I hope the negatives aren’t too off-topic? Since it was supposed to be what makes you “fall in love” not what makes you “not fall in love”, lol.

Maybe I’m in the minority on this… and maybe this just comes off as whiny. That’s not my intention. Always write how you wanna write, ofc.


I see that A Study in Steampunk has been brought up, and Grace has been dismissed. However, I would say that the scene where you had to decide between…

I also like Grace, but if I’m to be honest with myself, she is kind of unnecessary to the story. When you don’t choose to romance her, she just disappears and you can still pursue all of the main plot points and conflicts regardless - all you’d miss out on would be a few lines here and there saying ‘btw, Grace is here too’. The spoilery scene that you mention is legit the only scene you cannot access without her. And while this scene makes a powerful opening to certain paths, it’s not the only opening the game offers you. So all in all, unlike Alexandra or Finch who both actively contribute to the story, Grace… just doesn’t need to be there.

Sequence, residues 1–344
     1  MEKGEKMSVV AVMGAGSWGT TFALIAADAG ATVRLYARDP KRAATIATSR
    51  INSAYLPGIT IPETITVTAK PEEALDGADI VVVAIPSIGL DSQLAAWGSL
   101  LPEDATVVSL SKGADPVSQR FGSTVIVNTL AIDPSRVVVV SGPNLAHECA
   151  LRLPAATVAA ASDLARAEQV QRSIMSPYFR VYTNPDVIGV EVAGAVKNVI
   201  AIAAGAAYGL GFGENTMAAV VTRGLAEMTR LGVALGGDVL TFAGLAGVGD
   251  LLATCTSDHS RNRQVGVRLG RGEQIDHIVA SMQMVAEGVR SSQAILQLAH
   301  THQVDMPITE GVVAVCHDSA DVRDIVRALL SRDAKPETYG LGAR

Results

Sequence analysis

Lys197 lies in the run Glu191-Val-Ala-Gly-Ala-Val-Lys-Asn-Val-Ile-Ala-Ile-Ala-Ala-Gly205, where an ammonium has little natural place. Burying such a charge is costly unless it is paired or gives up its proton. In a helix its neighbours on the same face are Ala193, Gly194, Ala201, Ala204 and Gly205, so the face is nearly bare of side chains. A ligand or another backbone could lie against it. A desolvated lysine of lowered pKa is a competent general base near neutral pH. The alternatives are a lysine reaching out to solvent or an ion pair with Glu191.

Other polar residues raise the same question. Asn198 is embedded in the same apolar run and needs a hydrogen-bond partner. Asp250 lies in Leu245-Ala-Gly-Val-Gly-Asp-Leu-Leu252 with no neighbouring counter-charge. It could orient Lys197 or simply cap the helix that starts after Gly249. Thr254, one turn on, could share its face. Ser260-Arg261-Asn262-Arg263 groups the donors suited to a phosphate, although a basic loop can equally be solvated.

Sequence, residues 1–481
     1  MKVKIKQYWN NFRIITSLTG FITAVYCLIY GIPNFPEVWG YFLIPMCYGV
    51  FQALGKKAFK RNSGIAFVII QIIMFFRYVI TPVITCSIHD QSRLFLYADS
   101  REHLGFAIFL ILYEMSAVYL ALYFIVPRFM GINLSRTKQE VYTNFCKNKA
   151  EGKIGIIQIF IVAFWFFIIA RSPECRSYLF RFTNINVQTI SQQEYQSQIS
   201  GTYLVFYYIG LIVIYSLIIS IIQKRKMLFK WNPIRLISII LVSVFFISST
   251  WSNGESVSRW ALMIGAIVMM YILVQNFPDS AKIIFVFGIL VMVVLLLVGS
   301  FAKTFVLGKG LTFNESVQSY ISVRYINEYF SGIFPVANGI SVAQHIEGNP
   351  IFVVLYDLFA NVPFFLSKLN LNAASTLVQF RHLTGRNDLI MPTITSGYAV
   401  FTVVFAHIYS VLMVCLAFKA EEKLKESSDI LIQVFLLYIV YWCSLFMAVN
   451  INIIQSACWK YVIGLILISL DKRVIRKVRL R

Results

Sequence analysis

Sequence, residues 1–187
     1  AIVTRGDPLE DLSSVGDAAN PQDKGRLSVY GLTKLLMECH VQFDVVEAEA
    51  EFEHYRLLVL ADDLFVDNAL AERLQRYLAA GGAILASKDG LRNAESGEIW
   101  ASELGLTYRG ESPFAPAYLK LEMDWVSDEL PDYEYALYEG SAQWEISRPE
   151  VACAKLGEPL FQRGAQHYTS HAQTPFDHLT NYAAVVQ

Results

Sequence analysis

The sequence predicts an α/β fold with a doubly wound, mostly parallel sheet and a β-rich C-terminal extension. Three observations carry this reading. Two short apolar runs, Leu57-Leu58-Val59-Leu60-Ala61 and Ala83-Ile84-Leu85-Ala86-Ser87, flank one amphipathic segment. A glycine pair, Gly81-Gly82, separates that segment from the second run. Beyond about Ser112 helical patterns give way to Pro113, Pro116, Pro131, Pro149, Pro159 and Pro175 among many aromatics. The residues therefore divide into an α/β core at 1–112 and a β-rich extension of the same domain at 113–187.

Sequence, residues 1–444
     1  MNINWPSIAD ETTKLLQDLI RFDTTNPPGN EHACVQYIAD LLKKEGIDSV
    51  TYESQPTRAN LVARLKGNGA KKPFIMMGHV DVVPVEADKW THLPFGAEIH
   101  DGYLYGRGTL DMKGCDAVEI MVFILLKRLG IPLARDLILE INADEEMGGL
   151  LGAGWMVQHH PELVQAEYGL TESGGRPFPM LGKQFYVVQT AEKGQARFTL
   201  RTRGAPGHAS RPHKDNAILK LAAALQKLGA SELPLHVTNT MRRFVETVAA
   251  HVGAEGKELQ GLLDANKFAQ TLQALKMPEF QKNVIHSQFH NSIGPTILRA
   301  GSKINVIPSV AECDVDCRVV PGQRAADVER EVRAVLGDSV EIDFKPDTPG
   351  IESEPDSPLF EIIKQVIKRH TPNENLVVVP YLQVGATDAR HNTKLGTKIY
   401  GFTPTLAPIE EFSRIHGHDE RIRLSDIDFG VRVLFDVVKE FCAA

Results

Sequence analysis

@Sel_Lee Do you mean MODEL CITIZENS? https://dashingdon.com/play/definitelynotrena/model-citizens-unmasked/mygame/ Because I LOOOOOVE that ex relationship as well! Your wip provides a very similar feeling with the husband/wife. <3 I love those pre-established ro’s too!

Also…whenever an ro hits on my MC in a flirty/funny/charismatic way - I am like “Whelp. Guess they are my 1st romance…” so I am pretty easily pleased. Also the pining friend/acquaintance? Playthrough 2. I don’t really dig an angsty slow burn, but when a game is well written, I try all of the romances and will usually come around eventually. Same with the ones who are openly mean to you in the beginning…you have to be pretty charming and/or sexy to get away w that shite…or if they are secretly soft underneath? WIN (aka…I guess I am pretty easily swayed hahaha)


Hmm, this is an interesting topic, partly because I have also had the thought before about how weirdly intimate it can be romancing characters in IF. It is kind of trippy when you stop to think about it, haha.